Fido & Stitch finds home on N. Monroe
Entrepreneur looks to bring dog grooming and specialty products to 616 development.
When Alli McDonough moved back to Grand Rapids from Chicago, she noticed something was missing.
Retail dog boutiques were plentiful in Chicago and even in some small West Michigan communities such as Saugatuck and Grand Haven, but Grand Rapids lacked a small specialty dog store.
As she was finishing her MBA at Davenport University and thinking of starting a business, McDonough decided to merge her love of dogs and the entrepreneurial itch. Seeing a market opportunity, she decided to launch a “canine boutique salon” called Fido & Stitch and began looking for a retail site.
Her dogs, a Chihuahua mix named Sparkle and a Labrador/golden retriever mix called Fiona, are surely happy with her decision.
Working with Matt Franko from M Retail Solutions, McDonough found a location in the 616 Lofts on Monroe development at 820 Monroe Ave. NW. The four-story, $22 million renovation project has 85 one- and two-bedroom apartments and 40,000 square feet of retail space on the ground floor.
She’s aiming for an early November opening, and has given notice at Beene Garter where she works as an administrative specialist.
The North Monroe area wasn’t on McDonough’s radar in her original business plan, but after further research, she decided the area was a prime market for her concept.
Franko said originally McDonough was looking at spaces in the East Hills and Plainfield Avenue neighborhoods, but the growing residential area of North Monroe fit the concept, noting 616 Development projects promote a sense of community and allow dogs.
“The prospect of retail is really growing in the downtown area,” Franko said. “People seem to not want to go out to the malls anymore. They’d rather say, ‘Let’s walk down the street.’
“Her business just really sits well with the concept of the development, which is helping that neighborhood become more walkable and residential.”
The apartment and condominium residents who have dogs will need dog food, accessories and a place to wash their pets. McDonough said it seems likely a lot of pet owners won’t want to wash a dog in a small living space.
She said her boutique will have a professional groomer on site, but there also will be a space for owners to wash dogs on their own.
The 1,500-square-foot shop will carry almost everything a dog owner would find at a big-box pet store, McDonough said.
“The retail will be similar, but more specialty products,” she said. “So many dogs now have special diet needs,” she added.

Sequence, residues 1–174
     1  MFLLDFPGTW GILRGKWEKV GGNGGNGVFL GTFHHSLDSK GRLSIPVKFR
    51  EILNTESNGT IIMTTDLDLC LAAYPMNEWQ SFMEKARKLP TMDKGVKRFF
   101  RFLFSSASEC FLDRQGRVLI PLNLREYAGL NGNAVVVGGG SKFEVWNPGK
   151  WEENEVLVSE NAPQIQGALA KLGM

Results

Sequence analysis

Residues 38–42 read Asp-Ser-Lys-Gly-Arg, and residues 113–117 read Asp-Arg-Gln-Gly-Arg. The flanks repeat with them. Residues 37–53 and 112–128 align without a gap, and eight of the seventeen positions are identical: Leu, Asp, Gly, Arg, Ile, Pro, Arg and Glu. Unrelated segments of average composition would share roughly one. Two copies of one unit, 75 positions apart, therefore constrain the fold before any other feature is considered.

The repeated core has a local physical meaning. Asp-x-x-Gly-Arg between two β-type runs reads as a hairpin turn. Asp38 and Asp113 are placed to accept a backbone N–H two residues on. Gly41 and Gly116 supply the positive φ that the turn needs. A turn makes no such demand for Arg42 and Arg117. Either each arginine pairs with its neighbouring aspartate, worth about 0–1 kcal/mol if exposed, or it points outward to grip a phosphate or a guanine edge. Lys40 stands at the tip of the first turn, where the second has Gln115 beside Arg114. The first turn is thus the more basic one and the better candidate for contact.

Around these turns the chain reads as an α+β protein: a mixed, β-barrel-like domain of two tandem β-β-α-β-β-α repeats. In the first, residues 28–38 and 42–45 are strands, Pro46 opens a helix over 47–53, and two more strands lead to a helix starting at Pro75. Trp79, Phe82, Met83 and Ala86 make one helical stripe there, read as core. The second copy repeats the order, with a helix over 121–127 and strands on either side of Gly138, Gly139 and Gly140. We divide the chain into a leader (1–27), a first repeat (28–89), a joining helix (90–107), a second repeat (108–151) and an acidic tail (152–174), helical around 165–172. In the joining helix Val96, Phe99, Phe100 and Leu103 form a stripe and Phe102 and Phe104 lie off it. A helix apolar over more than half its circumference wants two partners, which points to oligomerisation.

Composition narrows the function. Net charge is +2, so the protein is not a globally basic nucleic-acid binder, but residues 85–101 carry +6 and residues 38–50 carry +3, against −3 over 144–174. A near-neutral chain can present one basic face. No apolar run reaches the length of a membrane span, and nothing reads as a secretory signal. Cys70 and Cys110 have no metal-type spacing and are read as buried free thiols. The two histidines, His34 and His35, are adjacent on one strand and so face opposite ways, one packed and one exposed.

Included in the products at Fido & Stitch will be a variety of natural and holistic dog foods, and “fun” accessories, collars and leashes.
McDonough said the products, especially items such as toys, will be rotated on a regular basis to make sure the owners and their pets — who are welcome in the store — always find something new and interesting.
Many of the products are made by Michigan-based companies. She said almost everything in the store will be made in the United States.
The diverse array of products is crucial to hitting a population more dedicated to their pets than ever, McDonough said. She said for people in their 20s and 30s who are putting off having children, or for empty-nesters who are missing theirs, focusing on making their pets happy is important.
McDonough said Sparkle and Fiona are living a great life.
“For so many people, the pets are their kids, and their happiness is a priority,” she said.
In her original business plan, McDonough planned on offering a doggy daycare and boarding service, but with the small footprint at 820 Monroe, that idea had to be scrapped — at least for now.
She said there’s a possibility of starting a walking service because of the large amount of close quarters without yards in the area.
Aware that her priority now is to get the first store up and running, McDonough still is looking to the future, when she hopes to open more shops — hopefully, with daycare options — in Greater Grand Rapids suburban areas such as East Grand Rapids and Ada in the next five to 10 years.
“That’s more long-term,” she said.